Loan forgiveness releases the borrower from their obligation to repay the loan. This is usually due to circumstances within the borrower's control. The most common loan forgiveness programs cancel all or part of the debt for working in a particular field or performing military or volunteer service. See also Cancellation.
Specified period of time between the date a student graduates or drops below half-time status and the date loan repayment begins. Depending on the loan type, the grace period is six months (Stafford Loans) or nine months (Perkins Loans) before you must start making payments on your loans. PLUS Loans have no grace period. A borrower cannot use their grace period multiple times.
With this plan, your payments start out low and increase every two years. The length of your repayment period will be up to ten years. If you expect your income to increase steadily over time, this plan may be right for you. Your monthly payment will never be less than the amount of interest that accrues between payments. Although your monthly payment will gradually increase, no single payment under this plan will be more than three times greater than any other payment.
State or private non-profit agencies that ensure student loans against default for lenders and administer the student loan insurance program for the federal government.
The institution that owns a loan, usually a bank, school, guarantor, or the Federal government.
Under IBR, the amount of the monthly payments depends on the income earned by the borrower. As the borrower's income increases, the payments increase. IBR is available in both the FFEL and Direct Loan programs but is not available for PLUS loans. Monthly payments are capped at 15% of discretionary income; discretionary income is defined as the amount by which income exceeds 150% of the poverty line.
Under ICR, the amount of the monthly payments depends on the income earned by the borrower. As the borrower's income increases, so do the payments. ICR is available only in the Direct Loan program but is not available for PLUS loans. Monthly payments are capped at 20% of discretionary income; discretionary income is defined as the amount by which income exceeds 100% of the poverty line.
A fee charged to the borrower for use of a lender's money. Interest is charged as a percentage of the outstanding principal amount.
Under ISR, the amount of the monthly payments depends on the income earned by the borrower. As the borrower's income increases, so do the payments. Income-sensitive repayment is available only in the FFEL program. Monthly payments are between 4% and 25% of gross monthly income and must be at least cover the interest that accrues.
A financial institution that provides funds to a borrower. The lender can be a bank, credit union, other financial institutions or the Federal government.
The amount that an agency or school approved for your loan. Unless you are in repayment, not all of this amount may have been disbursed.
For Direct Loans, the loan date is the date of the first disbursement. For FFELP Program loans, the loan date is usually the date the loan was guaranteed.
The date classes are (or were) scheduled to begin for the period covered by your loan.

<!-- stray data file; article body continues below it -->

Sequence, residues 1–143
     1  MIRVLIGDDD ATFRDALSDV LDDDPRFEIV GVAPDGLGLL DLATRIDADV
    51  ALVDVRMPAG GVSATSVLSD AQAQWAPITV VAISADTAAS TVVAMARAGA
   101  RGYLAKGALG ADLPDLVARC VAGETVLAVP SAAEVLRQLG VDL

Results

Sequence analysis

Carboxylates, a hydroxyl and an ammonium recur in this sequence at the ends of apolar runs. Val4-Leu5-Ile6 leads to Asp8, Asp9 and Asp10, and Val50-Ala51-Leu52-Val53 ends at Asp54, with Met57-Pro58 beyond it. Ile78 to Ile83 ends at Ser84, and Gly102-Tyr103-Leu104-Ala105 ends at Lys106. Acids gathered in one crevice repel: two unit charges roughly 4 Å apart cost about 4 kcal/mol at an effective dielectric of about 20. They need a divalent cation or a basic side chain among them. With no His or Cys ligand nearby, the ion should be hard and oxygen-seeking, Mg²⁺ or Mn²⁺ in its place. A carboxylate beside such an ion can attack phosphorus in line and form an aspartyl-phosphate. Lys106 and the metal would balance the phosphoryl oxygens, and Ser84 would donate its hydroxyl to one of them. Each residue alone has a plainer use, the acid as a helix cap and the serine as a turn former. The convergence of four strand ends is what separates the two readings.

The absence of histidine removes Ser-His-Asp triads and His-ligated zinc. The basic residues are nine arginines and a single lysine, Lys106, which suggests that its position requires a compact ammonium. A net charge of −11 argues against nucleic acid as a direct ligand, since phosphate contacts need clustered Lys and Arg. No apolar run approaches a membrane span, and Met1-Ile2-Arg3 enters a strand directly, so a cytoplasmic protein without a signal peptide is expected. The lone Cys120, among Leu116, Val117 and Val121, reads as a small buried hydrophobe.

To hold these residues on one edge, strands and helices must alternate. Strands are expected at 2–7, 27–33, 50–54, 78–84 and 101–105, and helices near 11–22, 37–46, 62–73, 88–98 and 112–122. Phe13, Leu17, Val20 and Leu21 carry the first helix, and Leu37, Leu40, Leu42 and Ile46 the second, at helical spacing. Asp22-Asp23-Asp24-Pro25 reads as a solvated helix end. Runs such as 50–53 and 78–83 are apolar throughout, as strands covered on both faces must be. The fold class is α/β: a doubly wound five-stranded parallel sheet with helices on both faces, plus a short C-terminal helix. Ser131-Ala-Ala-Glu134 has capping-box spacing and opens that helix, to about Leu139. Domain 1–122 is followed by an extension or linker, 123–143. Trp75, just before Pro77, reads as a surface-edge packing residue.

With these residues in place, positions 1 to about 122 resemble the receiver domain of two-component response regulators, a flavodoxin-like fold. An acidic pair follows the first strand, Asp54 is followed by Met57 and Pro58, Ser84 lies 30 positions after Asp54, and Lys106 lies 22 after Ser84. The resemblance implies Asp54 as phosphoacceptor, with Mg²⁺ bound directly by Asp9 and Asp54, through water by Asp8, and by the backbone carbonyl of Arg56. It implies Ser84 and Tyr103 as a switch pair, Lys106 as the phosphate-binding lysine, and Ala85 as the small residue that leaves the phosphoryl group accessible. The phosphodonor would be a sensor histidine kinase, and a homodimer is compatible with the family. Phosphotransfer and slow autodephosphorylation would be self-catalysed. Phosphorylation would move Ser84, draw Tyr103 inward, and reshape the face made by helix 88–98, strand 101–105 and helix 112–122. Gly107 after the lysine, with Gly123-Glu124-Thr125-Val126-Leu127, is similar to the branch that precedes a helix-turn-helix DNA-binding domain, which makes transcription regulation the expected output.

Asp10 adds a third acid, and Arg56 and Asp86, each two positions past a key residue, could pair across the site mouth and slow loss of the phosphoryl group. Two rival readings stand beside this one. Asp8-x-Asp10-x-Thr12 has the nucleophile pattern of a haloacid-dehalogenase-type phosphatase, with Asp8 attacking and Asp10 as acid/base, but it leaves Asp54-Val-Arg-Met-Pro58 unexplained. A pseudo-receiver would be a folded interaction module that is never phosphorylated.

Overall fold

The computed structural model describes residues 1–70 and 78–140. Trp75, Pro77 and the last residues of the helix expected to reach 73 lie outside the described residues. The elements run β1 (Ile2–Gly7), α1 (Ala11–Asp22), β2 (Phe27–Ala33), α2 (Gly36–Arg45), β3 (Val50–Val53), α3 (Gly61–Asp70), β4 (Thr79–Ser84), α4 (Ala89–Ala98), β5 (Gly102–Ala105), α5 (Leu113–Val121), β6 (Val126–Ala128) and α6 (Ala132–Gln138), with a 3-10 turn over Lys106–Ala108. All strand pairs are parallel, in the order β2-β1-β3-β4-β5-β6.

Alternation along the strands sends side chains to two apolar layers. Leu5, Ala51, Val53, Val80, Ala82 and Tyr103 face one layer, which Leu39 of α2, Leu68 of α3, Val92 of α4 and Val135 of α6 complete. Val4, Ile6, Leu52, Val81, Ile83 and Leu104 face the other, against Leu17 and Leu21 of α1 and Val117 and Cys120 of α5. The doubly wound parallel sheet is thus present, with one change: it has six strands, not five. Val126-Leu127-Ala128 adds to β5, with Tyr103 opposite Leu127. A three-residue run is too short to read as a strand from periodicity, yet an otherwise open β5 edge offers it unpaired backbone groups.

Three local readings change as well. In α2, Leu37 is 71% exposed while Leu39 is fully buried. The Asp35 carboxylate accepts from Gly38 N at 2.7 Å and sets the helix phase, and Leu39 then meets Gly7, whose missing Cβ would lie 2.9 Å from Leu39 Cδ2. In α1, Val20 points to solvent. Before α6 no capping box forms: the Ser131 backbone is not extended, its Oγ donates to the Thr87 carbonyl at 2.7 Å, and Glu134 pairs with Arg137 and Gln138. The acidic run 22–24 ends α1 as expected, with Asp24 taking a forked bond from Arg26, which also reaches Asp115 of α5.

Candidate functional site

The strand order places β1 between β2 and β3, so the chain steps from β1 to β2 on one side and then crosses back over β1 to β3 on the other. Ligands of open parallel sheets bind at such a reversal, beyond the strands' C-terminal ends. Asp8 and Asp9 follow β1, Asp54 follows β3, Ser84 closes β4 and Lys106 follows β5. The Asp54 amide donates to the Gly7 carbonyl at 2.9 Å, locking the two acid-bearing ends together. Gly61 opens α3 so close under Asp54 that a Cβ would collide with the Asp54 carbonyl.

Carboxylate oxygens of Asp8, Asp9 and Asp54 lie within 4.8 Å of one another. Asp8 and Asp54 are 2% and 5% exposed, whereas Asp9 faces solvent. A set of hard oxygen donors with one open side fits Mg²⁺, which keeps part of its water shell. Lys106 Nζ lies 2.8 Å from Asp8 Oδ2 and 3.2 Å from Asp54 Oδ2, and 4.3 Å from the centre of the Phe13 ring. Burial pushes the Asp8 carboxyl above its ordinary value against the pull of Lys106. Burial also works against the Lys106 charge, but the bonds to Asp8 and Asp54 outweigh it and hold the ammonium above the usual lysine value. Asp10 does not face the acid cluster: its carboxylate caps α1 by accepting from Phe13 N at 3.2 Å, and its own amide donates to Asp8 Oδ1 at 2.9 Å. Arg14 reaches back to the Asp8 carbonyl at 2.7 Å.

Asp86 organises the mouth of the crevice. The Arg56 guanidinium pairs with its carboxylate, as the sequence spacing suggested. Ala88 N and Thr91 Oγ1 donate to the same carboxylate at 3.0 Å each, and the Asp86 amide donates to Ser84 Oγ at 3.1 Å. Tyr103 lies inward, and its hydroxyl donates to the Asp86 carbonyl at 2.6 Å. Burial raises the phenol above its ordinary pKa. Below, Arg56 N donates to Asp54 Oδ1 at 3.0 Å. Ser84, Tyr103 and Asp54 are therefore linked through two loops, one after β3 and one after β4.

The date classes are (or were) scheduled to end for the period covered by your loan.
A code representing the current status of your loan, as determined by the loan's current holder. See Status Description.
The legal document that requires a student loan borrower to repay the funds borrowed under the Direct Loan Program or under the Federal Family Educational Loan (FFEL) Program. Use of the MPN form simplifies the loan process by eliminating the need for eligible students to complete a promissory note every year they borrow.
The date when a loan comes due and must be repaid in full.
The National Student Loan Data System (NSLDS) is a Department of Education system that collects and reports information about the financial aid history of students who receive federal student. The database stores information about loans, grants, students, borrowers, lenders, guaranty agencies (GAs), schools and loan servicers.
The dollar value of the accrued interest balance on a loan.
The effective date for the interest balance on a loan.
The current principal or loan balance that you borrowed and still owe on a loan. The dollar value of the balance, which may include capitalized interest.
A campus-based loan program provides low-interest student loans to undergraduate and graduate students with financial need. Perkins Loans have one of the lowest interest rates and are awarded by the financial aid administrator to students with exceptional financial need. The student must have applied for a Pell Grant to be eligible. The interest on the Perkins Loan is subsidized while the student is in school.
A Perkins loan may be entirely or partially canceled if you serve in any the following areas: (1) teaching, (2) military, (3) law enforcement, (4) volunteer (i.e., VISTA or Peace Corps), (5) Head Start, (6) public service (i.e., librarian, firefighter, faculty at a Tribal College or University, speech pathologist). A loan may also be fully or partially discharged due to death, disability or declared bankruptcy
Your electronic Personal Identification Number. In order for Loanlook.com to retrieve your most up-to-date loan information, you must enter a valid PIN. If you have forgotten your PIN, please click here.
PLUS loans enable parents to borrow federal funds to pay the education expenses of each child who is a dependent undergraduate student. The parent is the borrower in the case of PLUS loans.
The poverty guidelines are published annually by the Department of Health and Human Services. Also referred to as the poverty line, it is used in federal student aid in evaluating qualifications for income-based repayment and income-contingent repayment plans, as well as economic hardship deferment. See also Income Based Repayment and Income Contingent Repayment.